My home was far from perfect. The renovation was complete, but the kitchen had yet to be installed, and all my furniture was still swaddled in plastic, crammed into the living space along with ten moving boxes filled with my belongings. But I didn’t mind—not the current state of my furnishings, nor the plaster dust still floating in the air and covering every surface. My place was mine, again.
Gone was the mold that made me cough and wheeze; the scent of wood and fresh paint greeted me at the door, just as it did the day I first came home four years ago. My home was new and fresh, and whole again.
I couldn’t do much about the mess in the living room, not until the kitchen was installed, so I unpacked my soaps and shampoos and other HBA whatnots, and loaded up my bathroom cabinets, reclaiming a room that was once a gaping, waterlogged wound. In my bed alcove, the bed got fresh linens to celebrate that this night I would finally once again sleep in my own house. There would only be sweet dreams. The nightmare was over.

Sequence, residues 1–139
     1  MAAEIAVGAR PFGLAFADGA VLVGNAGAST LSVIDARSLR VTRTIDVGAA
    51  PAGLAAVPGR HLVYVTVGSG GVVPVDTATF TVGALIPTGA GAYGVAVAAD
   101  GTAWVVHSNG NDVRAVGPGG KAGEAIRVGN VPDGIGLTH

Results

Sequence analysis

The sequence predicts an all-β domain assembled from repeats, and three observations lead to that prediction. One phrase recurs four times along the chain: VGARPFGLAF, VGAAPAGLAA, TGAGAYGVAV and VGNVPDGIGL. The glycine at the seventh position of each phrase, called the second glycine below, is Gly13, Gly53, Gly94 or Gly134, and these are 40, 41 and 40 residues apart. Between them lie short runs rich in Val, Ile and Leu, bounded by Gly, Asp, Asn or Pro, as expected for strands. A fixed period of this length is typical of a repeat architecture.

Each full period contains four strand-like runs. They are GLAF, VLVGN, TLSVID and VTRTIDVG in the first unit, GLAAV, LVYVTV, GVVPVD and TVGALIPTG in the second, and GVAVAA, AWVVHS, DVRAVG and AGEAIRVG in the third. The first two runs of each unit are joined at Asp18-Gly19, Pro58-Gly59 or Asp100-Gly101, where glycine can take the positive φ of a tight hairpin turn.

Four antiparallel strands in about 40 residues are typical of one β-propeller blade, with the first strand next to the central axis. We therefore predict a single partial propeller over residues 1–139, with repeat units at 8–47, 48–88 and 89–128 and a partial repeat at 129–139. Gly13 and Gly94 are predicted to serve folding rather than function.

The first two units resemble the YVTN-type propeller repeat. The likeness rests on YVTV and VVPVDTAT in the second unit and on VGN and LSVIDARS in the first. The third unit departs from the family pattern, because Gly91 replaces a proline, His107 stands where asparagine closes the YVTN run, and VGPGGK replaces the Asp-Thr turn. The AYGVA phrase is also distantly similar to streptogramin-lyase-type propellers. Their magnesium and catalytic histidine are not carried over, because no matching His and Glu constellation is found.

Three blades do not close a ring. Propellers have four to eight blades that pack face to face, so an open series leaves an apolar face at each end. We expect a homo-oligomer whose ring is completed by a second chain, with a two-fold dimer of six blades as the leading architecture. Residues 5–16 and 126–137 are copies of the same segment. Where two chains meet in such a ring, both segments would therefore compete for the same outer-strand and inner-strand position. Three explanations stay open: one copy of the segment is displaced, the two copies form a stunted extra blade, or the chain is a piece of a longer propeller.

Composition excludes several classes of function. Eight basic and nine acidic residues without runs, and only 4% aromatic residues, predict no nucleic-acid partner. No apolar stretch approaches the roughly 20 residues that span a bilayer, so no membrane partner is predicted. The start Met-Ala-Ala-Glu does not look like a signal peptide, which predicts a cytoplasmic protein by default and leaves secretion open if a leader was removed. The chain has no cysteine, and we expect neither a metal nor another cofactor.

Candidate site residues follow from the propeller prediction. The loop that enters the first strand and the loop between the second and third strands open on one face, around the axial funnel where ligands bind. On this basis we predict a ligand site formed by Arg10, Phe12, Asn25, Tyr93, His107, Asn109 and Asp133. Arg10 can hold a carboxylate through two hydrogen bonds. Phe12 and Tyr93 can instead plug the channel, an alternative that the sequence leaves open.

The following week, Darty installed my new and much-written-about kitchen. It was as beautiful as the rendering promised—more so, because it was here and now. (More…)
Once the kitchen was installed, I unpacked every box, pulled the plastic off my furniture, mopped and cleaned up the plaster dust. It took 5 hours to find places for all my dishes and pans in the new kitchen, and to redecorate my apartment as it once was. After it was done, I sat back and took it all in.
My chest tightened, my face grew warm, and the tears came. The sobs. Whatever I had been holding in these many months—all the anger, the pain—welled up and spilled over. Then, like the leak itself, the tears dried up. What was left was peace, and joy.
The last thing I did was rehang a pair of plaques my sister Maria and I found in the attic of our childhood home when we were cleaning it out after our mother died. The date on the newspaper the plaques were wrapped in told us they’d been packed in the same box probably since our parents’ wedding. Maybe they were a wedding gift Ma didn’t much like, but I loved them for their kitschy French-ness, and four years ago, I carried them in my suitcase to hang in my new Paris place. As soon as they were once again on the wall, it was as if nothing had ever happened—as if the day I moved out and this day had somehow stitched themselves together.
“Closure,” my friend Steven texted me when I sent photos of my place restored. Yes. Home was home again.